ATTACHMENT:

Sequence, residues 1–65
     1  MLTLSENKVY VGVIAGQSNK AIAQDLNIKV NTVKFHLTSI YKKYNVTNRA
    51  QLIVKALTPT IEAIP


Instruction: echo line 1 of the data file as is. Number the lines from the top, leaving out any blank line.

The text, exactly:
Sequence, residues 1–65